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Idle Capacity

June 14th, 2010 · No Comments

بِسْمِ اللهِ الرَّحْمنِ الرَّحِيمِ

I’ve  been fortunate to travel quite a bit in the last few years, visiting places in Europe, the Middle East and the South Pacific.  One thing I’ve always looked for is the how the “capacity” of said place is, referring specifically to things that drive some type of economic benefit for the location.  Things such as labor usage (vs idle labor). building usage (residential and commercial), infrastructure capacity (roads, sanitation, etc.), among other things.  This interests me for two reasons:

  • The signs of idle capacity can indicate over indulgence during booms or forced stagnation by some internal or external force
  • The signs of over use of some type of capacity can be a sign of a forced means that will come crashing down at some point given inflation and CPI/COL increases.

During my undergraduate years, I was fascinated  by my intro to economics classes and this led me to pursue a degree in economics (along with a degree in accounting).  Webster defines economics as:

a social science concerned chiefly with description and analysis of the production, distribution, and consumption of goods and service

In the advanced undergraduate classes, the student is introduced to the specific components of an economy (labor, transportation, etc.) and how these components work.  One concept that riled my interest was capacity and how different driving forces will dictate what the  “normal” capacity is.

Example:  Dubai saw unreal growth during the credit boom, namely in real estate.  While in the past, there was demand for additional hotels, residential, office, resort living, etc., during the credit boom many buildings were put up simply due to the speculation of the anticipated demand.  The growth is demand did continue, but not at the rate of new construction.  After the commodity market/stock crash and the credit crisis, there are a significant number of empty buildings in Dubai.  Many of these buildings have intentionally left unoccupied as the credit crisis caused a significant price drop in real estate, and any additional excess supply will cause prices to drop even more.

Example: China has experienced a significant boom in its economy, with cheap labor, decent access to raw materials and cheap transportation as its key contributing factors (cheap labor being the key factor).  The wages in China have been kept arbitraily low, using means such as factory housing w/meals among other things to keep these costs down.  With the booming economy in China, the cost of living has spiked dramatically over the last 15-20 years.  This has caused much unrest as people’s income has not matched the increase in cost of living.  This unrest has led to strikes, suicides at plants, etc..  Many companies have responded with aggressive wage increases in short periods of time to make up for the shortcomings in wage increases.  Soon, China will lose one of its major contributing factors to its  booming economy.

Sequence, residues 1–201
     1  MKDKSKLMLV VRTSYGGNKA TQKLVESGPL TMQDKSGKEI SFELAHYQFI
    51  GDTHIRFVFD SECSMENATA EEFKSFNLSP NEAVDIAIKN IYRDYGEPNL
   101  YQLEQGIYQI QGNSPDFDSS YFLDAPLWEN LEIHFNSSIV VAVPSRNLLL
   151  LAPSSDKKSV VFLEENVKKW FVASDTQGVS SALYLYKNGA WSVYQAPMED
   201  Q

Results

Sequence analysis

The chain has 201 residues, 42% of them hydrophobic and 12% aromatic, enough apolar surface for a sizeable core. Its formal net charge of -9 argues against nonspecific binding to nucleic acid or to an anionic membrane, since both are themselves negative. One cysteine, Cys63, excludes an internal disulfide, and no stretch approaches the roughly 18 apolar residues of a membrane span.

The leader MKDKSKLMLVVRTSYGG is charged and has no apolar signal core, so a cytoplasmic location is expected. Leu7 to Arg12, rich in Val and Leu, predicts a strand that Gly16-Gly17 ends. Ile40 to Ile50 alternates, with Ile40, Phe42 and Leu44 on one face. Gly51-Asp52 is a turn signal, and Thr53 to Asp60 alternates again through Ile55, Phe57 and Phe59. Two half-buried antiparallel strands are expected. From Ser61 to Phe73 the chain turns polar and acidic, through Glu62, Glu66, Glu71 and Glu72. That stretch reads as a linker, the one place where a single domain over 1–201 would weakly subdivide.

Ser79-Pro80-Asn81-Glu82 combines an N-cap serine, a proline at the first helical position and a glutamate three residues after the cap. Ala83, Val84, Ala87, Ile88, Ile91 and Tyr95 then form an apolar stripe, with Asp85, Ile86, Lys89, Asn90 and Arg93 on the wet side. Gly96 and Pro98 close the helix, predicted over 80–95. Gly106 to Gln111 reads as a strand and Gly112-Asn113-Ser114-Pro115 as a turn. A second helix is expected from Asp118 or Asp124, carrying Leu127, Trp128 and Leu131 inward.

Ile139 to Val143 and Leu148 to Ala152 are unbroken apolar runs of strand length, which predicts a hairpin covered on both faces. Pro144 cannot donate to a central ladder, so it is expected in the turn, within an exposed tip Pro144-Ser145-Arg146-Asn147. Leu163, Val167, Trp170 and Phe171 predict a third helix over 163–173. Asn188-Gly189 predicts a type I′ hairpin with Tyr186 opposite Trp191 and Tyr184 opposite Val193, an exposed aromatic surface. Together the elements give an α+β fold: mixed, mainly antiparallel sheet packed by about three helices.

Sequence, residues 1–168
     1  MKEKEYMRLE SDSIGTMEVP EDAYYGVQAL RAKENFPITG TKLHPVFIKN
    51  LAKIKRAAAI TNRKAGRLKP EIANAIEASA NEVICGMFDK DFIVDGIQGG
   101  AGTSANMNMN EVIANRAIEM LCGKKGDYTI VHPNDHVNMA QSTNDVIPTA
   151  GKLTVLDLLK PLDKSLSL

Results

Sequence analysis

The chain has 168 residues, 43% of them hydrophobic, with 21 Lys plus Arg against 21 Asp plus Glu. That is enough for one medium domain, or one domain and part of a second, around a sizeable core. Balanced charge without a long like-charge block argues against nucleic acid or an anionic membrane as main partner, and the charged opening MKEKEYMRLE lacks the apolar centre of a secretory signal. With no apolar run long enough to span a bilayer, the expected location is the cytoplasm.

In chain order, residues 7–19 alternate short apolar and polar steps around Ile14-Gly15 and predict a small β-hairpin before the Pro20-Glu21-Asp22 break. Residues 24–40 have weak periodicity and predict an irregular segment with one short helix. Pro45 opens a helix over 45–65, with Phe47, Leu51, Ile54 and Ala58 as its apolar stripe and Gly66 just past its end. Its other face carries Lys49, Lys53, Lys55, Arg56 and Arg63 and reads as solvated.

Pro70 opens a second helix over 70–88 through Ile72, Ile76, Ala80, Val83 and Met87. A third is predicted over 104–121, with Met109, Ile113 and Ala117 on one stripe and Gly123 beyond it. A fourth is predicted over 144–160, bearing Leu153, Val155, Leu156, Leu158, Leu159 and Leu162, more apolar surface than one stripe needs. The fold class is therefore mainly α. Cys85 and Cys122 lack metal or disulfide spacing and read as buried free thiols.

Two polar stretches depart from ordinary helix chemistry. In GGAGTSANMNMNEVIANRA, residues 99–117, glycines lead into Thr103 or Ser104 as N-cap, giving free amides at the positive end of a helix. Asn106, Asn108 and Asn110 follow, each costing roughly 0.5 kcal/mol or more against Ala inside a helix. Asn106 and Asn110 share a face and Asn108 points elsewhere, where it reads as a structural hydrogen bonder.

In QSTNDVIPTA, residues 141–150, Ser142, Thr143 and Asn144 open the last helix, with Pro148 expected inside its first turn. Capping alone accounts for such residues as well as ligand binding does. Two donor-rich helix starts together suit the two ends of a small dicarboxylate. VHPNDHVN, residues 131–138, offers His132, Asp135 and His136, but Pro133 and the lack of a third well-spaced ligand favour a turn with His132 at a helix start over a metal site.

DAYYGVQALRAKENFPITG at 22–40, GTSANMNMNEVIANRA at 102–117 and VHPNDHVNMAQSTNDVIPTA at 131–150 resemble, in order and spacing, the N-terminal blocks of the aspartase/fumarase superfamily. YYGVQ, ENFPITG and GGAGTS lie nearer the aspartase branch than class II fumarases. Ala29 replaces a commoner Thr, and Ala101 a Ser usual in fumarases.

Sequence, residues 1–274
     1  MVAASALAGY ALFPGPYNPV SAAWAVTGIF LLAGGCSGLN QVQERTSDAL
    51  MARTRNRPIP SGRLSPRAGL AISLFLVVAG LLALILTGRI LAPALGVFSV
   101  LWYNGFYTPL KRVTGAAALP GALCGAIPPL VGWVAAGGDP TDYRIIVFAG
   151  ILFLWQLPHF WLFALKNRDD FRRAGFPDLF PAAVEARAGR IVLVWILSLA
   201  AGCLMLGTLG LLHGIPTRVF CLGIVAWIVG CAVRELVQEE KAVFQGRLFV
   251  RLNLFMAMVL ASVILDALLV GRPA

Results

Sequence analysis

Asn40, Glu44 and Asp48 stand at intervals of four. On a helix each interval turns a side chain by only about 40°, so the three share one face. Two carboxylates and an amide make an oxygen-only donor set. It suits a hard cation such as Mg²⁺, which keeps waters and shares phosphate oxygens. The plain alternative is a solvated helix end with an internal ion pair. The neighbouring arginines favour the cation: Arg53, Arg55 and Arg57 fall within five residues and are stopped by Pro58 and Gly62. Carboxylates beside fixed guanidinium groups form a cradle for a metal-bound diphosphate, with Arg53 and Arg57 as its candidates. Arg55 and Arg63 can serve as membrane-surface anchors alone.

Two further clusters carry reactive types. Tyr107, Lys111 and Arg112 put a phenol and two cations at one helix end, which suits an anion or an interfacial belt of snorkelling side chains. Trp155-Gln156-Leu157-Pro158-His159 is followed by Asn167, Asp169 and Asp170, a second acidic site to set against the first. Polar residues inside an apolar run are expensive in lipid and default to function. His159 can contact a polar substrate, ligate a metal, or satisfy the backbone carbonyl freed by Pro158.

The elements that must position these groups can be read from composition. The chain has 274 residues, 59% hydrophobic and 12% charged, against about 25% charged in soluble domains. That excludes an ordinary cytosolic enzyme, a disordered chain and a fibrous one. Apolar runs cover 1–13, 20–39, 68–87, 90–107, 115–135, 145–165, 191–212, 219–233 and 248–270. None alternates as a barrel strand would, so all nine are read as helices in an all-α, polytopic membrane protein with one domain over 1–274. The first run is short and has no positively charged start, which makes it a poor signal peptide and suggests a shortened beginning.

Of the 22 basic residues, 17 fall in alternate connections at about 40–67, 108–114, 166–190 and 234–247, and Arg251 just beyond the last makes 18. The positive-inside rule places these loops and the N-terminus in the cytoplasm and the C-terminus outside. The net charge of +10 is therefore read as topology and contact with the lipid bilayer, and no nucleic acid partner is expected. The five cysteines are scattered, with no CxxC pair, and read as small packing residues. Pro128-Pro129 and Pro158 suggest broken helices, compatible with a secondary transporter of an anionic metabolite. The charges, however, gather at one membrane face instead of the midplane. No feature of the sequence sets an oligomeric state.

Example: The “normal” unemployment rate in Spain is typically above 10%.  The recent downturns in the economy has pushed this above 20%, but typically well above 10% is normal in Spain.  Spain is described as having the “highest quality of life in Europe” (read: very expensive social services provided by the gov, expenses borne by the taxpayer) and this drives the cost of labor up (due to above average cost of living and above average taxes).  Thus there is a significant under utalization of labor resources in the county given the cost.

The first two are examples of an item being forced to operate above a ideal or normal capacity, which forces more accelerated changes in other aspects of an economy and may cause a future impact to strike sooner and to strike harder.   The third is an example of a government forcing certain things to exist regardless of the cost, and this forces more idle capacity as employers are unable to operate at an ideal capacity given the conditions in the economy in question (cost).

Many of these things are due to short sightedness.  Many governments are unwilling to operate on a “big picture” mindset and are focused to demonstrate short term returns even at the cost of more substantial negative long term ramifications.

In any case, I’m sure I’ll touch on this later.

Tags: Random · Thoughts

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